A mountain of research has proved time and time again what dentists have been noticing for years: oral health is inexorably linked to overall health and wellness. Thanks to this barrage of scientific research, we now know more than ever about the mechanisms by which periodontal disease and the bacteria that cause it influence systemic consequences.
But when we look at periodontal disease from a traditional perspective, it’s hard to understand how deep pockets, abscesses, and loose teeth might impact overall health. That’s why researchers at the University of Kentucky sought to test how more advanced diagnostic tools might be used in conjunction with traditional methods for improved outcomes:
“Gingivitis is an often-overlooked disease, despite being the “Gateway” to periodontitis for a significant portion of the population. This issue has persisted for years, in part because clinical parameters along with pre-defined thresholds of inflammation and measurable tissue destruction have been used as the “gold standard” for discerning health/gingivitis from periodontitis. While very helpful, they neither provide insights into patient-specific variations within these inexact disease groups, nor do they help predict non-responders and those who “at risk” for disease progression. Thus, novel methods for identifying those “at risk persons” are needed.”
Indeed, traditional protocols cannot altogether help us address new problems like the rising numbers of patients with obesity, diabetes, cardiovascular disease, and other health complications that are walking through our doors. They also do not show us those people who have high levels of periodontal pathogens without exhibiting the traditional signs of periodontal disease.
Because saliva contains the same genetic information found throughout the body, salivary diagnostics are an ideal way to quantify important biomarkers that cannot be identified in a traditional exam:
“These biomolecules can represent the various stages of progression of the destructive inflammatory response, including IL-1ß as a proinflammatory cytokine that has effects on coupling processes in bone biology, IL-6 as a pleiotropic cytokine that communicates inflammatory signals with a number of cell types, and can elicit bone resorptive processes, MMP-8 a primary collagenase effective on both types I and III collagen and released by neutrophils that alters the integrity of soft tissues in the periodontium, and MIP-1α (also known as CCL3), a chemokine macrophage inflammatory protein that binds to CCR1, CCR4, and CCR5 receptors frequently on the surface of immune cells, recruiting them into sites of inflammation. This chemokine has also been found to activate osteoclasts, particularly related to bone resorption in multiple myeloma through these receptors. Importantly, many of these biomarkers have been detected in saliva and correlate with periodontal disease. While it is clear that these biomolecules contribute to the inflammatory and tissue destructive processes of periodontitis, a number of them have also been detected in serum associated with chronic inflammation related to systemic diseases”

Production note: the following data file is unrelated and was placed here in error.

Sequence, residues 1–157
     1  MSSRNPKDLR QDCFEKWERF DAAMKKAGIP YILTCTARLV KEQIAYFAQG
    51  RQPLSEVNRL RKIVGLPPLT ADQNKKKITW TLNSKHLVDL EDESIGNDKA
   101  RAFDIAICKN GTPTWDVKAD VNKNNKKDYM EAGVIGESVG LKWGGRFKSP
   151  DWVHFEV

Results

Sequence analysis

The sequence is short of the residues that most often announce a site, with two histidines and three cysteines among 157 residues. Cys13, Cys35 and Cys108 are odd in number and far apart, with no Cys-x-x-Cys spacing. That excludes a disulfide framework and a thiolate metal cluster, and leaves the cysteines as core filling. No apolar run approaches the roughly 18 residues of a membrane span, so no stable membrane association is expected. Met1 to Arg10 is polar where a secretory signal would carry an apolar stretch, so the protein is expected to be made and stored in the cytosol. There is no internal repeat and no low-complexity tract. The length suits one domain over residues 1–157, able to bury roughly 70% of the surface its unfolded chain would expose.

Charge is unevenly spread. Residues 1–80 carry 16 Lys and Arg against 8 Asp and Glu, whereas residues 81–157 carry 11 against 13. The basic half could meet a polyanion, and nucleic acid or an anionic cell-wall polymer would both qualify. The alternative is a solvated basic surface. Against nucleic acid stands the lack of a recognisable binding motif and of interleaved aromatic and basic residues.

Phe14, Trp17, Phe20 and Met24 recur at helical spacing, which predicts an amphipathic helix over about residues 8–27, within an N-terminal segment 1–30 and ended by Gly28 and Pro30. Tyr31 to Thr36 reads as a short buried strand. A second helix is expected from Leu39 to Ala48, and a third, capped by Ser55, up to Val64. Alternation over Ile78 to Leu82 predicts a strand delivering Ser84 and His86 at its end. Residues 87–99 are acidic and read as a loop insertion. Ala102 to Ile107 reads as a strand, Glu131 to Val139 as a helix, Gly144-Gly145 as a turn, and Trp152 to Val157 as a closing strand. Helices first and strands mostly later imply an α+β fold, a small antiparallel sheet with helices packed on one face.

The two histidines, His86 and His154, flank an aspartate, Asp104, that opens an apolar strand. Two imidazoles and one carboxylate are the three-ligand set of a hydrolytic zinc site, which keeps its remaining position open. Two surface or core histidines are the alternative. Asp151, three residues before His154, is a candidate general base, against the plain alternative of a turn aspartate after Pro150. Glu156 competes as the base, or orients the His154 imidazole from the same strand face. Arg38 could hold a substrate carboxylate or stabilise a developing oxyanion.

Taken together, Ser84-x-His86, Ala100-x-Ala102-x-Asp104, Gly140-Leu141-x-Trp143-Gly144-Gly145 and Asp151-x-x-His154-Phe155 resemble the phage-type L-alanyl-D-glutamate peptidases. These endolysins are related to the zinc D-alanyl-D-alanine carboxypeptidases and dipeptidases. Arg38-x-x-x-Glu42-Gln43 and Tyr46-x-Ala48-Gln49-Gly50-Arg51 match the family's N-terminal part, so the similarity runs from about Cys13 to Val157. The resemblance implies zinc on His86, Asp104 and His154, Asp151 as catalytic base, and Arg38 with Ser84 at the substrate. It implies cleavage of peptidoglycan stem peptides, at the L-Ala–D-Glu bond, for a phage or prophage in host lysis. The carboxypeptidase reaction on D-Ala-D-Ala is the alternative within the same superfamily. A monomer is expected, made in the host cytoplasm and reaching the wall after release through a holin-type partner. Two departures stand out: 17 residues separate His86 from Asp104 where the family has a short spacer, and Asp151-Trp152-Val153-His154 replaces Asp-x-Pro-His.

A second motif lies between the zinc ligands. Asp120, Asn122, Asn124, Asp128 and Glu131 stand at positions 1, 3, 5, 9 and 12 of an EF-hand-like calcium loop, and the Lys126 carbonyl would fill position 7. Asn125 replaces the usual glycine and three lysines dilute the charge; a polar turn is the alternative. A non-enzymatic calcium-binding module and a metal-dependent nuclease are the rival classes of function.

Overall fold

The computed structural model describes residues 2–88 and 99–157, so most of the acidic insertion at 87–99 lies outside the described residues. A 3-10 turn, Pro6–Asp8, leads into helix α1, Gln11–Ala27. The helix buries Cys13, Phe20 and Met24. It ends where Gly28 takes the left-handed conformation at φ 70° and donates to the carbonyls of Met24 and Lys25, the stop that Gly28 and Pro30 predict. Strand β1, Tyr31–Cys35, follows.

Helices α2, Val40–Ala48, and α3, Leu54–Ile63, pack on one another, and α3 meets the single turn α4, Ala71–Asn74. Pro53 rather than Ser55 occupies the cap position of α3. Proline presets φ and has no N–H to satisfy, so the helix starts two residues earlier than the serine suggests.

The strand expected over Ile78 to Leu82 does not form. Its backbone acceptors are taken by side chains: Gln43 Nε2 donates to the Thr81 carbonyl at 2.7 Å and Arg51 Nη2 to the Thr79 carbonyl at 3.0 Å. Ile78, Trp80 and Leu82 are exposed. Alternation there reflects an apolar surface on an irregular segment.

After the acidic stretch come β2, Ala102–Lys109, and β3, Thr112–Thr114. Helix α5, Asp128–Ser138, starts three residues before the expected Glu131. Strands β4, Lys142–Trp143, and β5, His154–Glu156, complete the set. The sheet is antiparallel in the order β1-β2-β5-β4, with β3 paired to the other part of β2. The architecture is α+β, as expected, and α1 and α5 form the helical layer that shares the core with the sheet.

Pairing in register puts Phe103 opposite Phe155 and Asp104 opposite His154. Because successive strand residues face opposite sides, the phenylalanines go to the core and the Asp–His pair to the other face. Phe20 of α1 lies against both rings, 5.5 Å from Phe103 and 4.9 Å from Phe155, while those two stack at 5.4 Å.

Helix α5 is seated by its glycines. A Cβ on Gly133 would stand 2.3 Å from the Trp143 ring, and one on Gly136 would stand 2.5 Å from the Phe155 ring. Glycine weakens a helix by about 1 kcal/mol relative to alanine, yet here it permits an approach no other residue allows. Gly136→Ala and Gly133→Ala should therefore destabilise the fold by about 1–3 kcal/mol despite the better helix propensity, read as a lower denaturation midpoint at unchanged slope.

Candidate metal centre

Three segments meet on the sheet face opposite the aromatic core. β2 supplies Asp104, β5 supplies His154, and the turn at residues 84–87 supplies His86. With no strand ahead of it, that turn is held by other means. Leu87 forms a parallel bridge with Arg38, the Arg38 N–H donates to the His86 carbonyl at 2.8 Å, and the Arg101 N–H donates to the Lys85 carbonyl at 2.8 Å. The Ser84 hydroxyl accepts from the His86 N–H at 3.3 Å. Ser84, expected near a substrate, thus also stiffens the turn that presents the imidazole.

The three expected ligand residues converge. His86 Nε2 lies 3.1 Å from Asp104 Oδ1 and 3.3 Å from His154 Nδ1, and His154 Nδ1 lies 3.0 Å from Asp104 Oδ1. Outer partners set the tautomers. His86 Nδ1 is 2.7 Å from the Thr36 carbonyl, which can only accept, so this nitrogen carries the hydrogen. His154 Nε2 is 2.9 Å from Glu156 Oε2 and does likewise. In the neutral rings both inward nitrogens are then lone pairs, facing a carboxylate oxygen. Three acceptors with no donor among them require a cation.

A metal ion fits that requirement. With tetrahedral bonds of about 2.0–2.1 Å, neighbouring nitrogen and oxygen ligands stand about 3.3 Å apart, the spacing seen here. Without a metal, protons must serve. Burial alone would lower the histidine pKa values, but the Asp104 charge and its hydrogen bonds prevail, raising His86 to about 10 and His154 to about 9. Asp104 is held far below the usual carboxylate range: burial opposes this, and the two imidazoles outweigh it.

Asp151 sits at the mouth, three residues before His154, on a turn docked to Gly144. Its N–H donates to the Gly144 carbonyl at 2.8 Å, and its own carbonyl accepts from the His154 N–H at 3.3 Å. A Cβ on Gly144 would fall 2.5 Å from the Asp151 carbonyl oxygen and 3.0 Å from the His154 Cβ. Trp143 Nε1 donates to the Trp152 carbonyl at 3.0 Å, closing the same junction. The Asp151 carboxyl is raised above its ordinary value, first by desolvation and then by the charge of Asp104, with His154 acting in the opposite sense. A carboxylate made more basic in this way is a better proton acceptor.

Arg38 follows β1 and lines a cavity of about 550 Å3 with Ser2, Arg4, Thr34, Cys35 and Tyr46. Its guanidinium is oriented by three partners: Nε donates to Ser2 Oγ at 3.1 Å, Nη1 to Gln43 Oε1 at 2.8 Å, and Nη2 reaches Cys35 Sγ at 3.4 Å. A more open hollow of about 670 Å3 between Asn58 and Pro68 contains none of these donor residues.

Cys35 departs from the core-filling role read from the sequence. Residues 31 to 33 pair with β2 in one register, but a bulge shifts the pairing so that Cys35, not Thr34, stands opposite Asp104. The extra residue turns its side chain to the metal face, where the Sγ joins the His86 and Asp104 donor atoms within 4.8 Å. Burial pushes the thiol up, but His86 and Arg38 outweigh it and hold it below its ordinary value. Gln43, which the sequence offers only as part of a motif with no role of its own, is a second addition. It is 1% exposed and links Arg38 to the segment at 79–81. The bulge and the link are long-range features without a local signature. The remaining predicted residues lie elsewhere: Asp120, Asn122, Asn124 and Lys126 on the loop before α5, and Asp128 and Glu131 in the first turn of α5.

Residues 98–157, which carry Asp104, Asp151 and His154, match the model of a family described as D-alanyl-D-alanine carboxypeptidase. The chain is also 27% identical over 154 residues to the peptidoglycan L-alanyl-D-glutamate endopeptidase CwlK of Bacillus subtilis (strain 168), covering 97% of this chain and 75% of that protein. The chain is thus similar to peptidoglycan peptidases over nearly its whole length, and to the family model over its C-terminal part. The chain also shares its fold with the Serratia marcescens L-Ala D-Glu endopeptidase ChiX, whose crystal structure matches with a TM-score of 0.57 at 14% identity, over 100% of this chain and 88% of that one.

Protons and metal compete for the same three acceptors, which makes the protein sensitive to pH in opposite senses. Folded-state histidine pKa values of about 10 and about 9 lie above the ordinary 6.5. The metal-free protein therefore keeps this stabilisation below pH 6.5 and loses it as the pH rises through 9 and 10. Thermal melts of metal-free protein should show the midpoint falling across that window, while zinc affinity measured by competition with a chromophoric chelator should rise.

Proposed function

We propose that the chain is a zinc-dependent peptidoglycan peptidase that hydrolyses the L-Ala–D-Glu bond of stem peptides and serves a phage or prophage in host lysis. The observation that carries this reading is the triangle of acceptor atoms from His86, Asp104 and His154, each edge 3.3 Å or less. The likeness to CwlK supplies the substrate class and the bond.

The study authors concluded that salivary diagnostic testing for these biomarkers is highly useful in identifying those individuals who may require more customized care, including individuals who are at-risk of having gingivitis progress to periodontitis, those who hyper-respond to inflammation, and those whose bodies are likely already fighting a silent infection.
Genetic testing is the wave of the future in healthcare. It’s changing the way the medical community approaches disease prevention and treatment. Adapting to these new standards and utilizing this new technology will move dentistry forward into an era of more personalized care.